Maurice Clarett’s football comeback was a success, certainly to him.
The Warren Harding graduate and former Ohio State running back from Youngstown says he would gladly spend another year with the United Football League’s Omaha Nighthawks if they want him back. He feels lucky to have played anywhere and been given a chance to rebuild his life after being incarcerated for 31/2 years.
“In January, I was in prison, and now I’ve completed a professional football season,” Clarett said recently. “I would absolutely say I could never ever have thought of being at this place. It’s a blessing from God, and I take it that way.”
The 27-year-old Clarett hadn’t played competitively since he led Ohio State to the 2002 national championship. He was suspended by the NCAA for taking improper inducements and failed to make it in the NFL.
Clarett pleaded guilty in 2006 to aggravated robbery and carrying a concealed weapon in connection with a holdup outside a Columbus bar, and wound up behind bars.
By all accounts, Clarett has been a model citizen in Omaha.
Nighthawks general manager Rick Mueller, a former executive for the New Orleans Saints and Jacksonville Jaguars, said the team probably will put Clarett on the team’s protected list. That means no one would be allowed to pick him in the next UFL expansion draft. The UFL has said it hopes to add three teams in 2011.
“His arrow is on the rise,” Mueller said. “He’s going to get nothing but better from here on out. I’m glad we had him.”
NFL draft consultant Gil Brandt, a former Dallas Cowboys executive, said it would a long shot for an NFL team to bring in Clarett next year.
“When you’re out of circulation for a while, it takes more than a year to get back,” Brandt said. “The thing that always impressed me about Clarett is that I think basically he’s a good guy. I don’t think what’s happened with the robbery was vintage Clarett.
“But I don’t think anybody will take a chance on him. Statistically, he hasn’t shown enough for anyone to go overboard and take somebody who has that kind of baggage and then is 27 years old.”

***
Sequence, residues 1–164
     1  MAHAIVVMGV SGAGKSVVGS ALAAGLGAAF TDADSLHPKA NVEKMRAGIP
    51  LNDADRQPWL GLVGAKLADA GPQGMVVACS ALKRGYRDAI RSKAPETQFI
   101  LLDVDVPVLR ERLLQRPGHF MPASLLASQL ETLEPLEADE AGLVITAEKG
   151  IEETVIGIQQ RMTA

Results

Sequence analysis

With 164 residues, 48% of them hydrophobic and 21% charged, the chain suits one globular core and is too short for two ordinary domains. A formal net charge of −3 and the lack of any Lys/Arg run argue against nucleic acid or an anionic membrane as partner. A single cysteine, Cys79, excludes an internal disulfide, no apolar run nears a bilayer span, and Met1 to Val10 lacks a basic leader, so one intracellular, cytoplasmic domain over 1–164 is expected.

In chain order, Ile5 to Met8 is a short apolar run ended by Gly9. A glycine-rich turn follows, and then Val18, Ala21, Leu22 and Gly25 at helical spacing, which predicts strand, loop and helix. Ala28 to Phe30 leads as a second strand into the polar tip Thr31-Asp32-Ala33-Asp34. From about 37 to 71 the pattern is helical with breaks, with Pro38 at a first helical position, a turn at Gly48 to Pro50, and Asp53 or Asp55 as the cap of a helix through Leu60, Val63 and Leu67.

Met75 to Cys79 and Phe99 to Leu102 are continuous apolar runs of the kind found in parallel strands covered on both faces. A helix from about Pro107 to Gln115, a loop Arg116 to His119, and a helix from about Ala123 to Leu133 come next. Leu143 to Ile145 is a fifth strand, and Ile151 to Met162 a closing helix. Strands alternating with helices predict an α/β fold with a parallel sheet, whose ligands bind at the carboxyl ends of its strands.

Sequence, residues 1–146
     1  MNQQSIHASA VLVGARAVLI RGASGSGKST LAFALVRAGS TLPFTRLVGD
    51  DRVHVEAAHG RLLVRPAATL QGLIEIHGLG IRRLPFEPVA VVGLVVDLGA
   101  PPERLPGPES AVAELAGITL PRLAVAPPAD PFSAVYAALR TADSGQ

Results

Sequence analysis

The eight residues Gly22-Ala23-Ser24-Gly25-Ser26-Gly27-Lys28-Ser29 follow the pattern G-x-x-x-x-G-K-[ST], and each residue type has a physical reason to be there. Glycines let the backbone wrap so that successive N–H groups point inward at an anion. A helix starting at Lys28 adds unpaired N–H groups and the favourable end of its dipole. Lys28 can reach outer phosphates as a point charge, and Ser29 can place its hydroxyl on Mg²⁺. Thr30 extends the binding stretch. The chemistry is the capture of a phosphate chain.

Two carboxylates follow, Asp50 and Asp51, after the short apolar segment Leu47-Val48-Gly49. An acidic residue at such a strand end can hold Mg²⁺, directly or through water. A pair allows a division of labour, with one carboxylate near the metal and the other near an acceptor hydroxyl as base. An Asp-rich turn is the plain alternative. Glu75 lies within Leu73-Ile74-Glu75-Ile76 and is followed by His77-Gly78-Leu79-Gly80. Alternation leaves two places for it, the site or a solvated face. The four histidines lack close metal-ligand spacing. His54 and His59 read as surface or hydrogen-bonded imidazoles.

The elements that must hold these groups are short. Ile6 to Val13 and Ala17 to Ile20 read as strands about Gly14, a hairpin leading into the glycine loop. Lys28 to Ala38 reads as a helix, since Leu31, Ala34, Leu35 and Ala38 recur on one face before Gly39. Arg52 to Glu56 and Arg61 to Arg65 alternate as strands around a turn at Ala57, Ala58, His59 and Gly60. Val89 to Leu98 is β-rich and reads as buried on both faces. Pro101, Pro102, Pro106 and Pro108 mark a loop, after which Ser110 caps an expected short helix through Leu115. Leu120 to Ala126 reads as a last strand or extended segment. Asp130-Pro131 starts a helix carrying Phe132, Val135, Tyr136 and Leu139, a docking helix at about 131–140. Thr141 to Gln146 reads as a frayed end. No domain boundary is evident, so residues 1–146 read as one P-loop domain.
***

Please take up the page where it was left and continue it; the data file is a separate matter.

Clarett didn’t get much playing time early in the eight-game season as he worked his way into football shape. He became a bigger part of the game plan the past couple games as top running back Ahman Green battled injury. He went into the Nighthawks’ final game with just 25 carries for 85 yards and 11 catches for 92 yards.
With the season over, Clarett is back in Columbus, where he’ll live with his girlfriend, Ashley Evans, and their 4-year-old daughter, Jayden. He’s enrolled for the spring semester at Ohio State.
He said he’s two years from completing his degree in gerontology. He’ll also continue working out at OSU to prepare for next season.
Clarett said his time in prison matured him.
“Any time you have a period of that much isolation, and you reflect on your life and the decisions that brought you to the place you’re at, it’s going to do one of two things,” he said. “You’re going to stay stuck in the same place or you’re going to evaluate and figure out how to get better.
“In my case, I had responsibility. I had a daughter. I decided to grow up and accept responsibility for the things I’ve done and move forward.”
Mueller said Clarett eagerly participated in the team’s community projects. Clarett especially enjoyed visiting the Boys and Girls Club in a hardscrabble area of north Omaha.
He spent much of his time in the club’s education center helping boys with their homework and proofing math problems, said Paul Haskell, the club’s director of marketing.
“You could really tell that’s where he felt his place was,” Haskell said. “I could tell he definitely wanted to be there.”
Clarett said Omaha fans and people on the street have been welcoming, which initially surprised him.
“It’s obvious I had some public struggles, but they recognize me, we speak and it’s cool,” he said.
Clarett rushed for 1,237 yards in 2002, helping Ohio State to its first national championship in 34 years. He scored the winning touchdown in the second overtime of a dramatic Fiesta Bowl victory over top-ranked Miami.
Then he was ruled ineligible the following year for taking extra benefits worth thousands of dollars. He sued to enter the NFL draft early, before he was out of high school for three years, but lost in court.